A1 Journal article – refereed
One- and three-year outcomes in patients treated with intermittent hemodialysis for acute kidney injury: Prospective observational multicenter post-hoc FINNAKI study




List of Authors: Maija Eskola, Suvi T. Vaara, Anna‐Maija Korhonen, Jukka Sauranen, Niina Koivuviita, Eero Honkanen, Ville Pettilä, Mikko Haapio; for the FINNAKI Study Group
Publisher: Blackwell Munksgaard
Publication year: 2018
Journal: Acta Anaesthesiologica Scandinavica
Journal name in source: Acta Anaesthesiologica Scandinavica
Volume number: 62
Issue number: 10
ISSN: 0001-5172
eISSN: 1399-6576

Abstract

Background
Studies reporting renal and overall survival after acute kidney injury (AKI) treated exclusively with intermittent modalities of renal replacement therapy (IRRT) are rare. This study focused on outcomes of AKI patients treated with IRRT both in intensive care units (ICUs) and non‐ICU dialysis units.

Methods
This prospective observational study was carried on during a 5‐month period in 17 ICUs and 17 non‐ICUs. ICU and non‐ICU patients (total n = 138; 65 ICU, 73 non‐ICU) requiring RRT for AKI and chosen to receive IRRT were included. Patient and RRT characteristics as well as outcomes at 90 days, 1 year, and 3 years were registered.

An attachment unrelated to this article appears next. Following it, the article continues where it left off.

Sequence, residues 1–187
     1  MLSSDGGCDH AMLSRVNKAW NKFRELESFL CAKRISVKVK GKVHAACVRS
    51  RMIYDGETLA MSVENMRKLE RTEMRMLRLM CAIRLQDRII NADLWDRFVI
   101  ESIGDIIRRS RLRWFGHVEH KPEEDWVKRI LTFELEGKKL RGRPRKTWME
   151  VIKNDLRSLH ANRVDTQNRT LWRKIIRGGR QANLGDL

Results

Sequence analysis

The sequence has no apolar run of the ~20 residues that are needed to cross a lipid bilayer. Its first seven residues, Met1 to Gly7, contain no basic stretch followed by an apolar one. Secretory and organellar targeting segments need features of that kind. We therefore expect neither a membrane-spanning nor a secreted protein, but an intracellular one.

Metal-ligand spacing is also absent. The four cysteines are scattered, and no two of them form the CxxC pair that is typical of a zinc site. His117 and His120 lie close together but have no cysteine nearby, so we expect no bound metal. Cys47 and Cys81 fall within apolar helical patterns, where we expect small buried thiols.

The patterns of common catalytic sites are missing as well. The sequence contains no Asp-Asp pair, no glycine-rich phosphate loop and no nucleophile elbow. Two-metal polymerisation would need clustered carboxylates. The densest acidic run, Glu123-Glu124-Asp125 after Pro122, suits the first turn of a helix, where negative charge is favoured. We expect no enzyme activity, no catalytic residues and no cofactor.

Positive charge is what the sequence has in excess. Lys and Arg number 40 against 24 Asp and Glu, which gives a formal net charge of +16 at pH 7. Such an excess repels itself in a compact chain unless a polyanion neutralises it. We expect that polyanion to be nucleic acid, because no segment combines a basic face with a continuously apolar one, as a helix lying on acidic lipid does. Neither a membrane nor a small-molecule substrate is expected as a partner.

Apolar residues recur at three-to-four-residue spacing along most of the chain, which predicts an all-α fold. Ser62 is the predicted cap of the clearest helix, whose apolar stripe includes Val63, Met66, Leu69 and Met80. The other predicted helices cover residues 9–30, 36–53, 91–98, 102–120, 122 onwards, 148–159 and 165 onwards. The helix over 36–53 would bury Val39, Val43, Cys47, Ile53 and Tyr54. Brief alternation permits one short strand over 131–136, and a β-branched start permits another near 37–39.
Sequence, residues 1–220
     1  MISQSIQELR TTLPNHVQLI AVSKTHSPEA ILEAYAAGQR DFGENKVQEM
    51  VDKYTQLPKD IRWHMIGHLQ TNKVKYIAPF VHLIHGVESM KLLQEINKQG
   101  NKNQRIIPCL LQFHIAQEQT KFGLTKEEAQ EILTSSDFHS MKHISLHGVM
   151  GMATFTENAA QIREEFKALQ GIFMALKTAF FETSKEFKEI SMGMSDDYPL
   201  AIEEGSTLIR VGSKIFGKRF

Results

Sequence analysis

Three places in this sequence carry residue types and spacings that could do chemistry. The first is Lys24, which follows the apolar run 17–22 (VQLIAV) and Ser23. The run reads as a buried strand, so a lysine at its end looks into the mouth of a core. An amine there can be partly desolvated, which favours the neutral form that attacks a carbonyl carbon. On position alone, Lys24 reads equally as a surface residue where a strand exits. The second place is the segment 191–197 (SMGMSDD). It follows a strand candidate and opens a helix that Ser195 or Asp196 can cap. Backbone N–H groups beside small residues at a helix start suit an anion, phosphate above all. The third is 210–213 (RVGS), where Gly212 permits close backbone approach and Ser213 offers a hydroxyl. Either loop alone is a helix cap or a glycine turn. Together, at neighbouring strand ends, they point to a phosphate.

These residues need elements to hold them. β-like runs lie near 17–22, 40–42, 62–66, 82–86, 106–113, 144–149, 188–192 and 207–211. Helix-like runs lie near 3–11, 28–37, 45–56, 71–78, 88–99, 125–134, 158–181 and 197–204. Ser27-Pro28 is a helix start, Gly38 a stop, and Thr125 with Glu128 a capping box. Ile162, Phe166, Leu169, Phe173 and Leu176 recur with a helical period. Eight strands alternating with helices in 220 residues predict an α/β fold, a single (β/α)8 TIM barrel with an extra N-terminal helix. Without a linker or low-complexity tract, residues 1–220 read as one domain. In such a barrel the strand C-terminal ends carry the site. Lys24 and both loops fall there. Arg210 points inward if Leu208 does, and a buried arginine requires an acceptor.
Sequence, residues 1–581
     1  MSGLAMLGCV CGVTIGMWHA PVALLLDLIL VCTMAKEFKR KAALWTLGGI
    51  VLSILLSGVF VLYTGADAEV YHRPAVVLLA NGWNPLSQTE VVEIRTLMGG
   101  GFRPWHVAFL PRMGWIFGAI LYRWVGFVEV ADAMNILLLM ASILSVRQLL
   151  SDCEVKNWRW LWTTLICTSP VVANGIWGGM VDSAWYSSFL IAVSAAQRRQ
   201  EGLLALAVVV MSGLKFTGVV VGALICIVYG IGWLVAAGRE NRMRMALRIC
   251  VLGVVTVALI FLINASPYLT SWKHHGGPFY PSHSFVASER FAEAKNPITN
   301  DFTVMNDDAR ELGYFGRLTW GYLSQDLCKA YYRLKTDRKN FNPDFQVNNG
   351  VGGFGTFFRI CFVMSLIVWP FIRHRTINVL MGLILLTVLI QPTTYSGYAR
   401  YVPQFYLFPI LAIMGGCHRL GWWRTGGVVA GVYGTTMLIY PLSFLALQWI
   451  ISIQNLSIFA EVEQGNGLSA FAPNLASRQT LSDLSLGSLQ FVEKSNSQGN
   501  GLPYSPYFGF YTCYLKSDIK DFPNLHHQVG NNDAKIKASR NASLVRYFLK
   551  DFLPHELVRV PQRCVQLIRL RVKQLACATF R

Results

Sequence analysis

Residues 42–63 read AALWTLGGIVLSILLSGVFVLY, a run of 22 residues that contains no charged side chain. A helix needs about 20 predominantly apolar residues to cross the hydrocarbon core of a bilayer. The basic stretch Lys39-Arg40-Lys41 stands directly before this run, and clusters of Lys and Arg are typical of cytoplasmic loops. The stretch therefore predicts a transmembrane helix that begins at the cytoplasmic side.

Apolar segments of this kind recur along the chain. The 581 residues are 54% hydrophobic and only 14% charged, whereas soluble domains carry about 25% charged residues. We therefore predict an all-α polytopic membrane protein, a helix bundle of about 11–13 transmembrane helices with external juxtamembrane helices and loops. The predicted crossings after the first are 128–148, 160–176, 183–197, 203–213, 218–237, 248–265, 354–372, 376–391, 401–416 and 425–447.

Results
Characteristics of ICU and non‐ICU patients differed markedly. Pre‐existing chronic kidney disease (CKD) and chronic heart failure were significantly more common among non‐ICU patients. At 1 year, RRT dependence was significantly more common in the non‐ICU group. At 3 years, there was no significant difference between the groups either in RRT dependence or mortality.

Conclusion
Outcome of AKI patients treated with IRRT is dismal with regard to 3‐year kidney function and mortality. Although pre‐existing CKD emerged as a major risk factor for end‐stage renal disease after AKI, the poor kidney survival was also seen in patients without prior CKD.


Last updated on 2019-04-03 at 16:48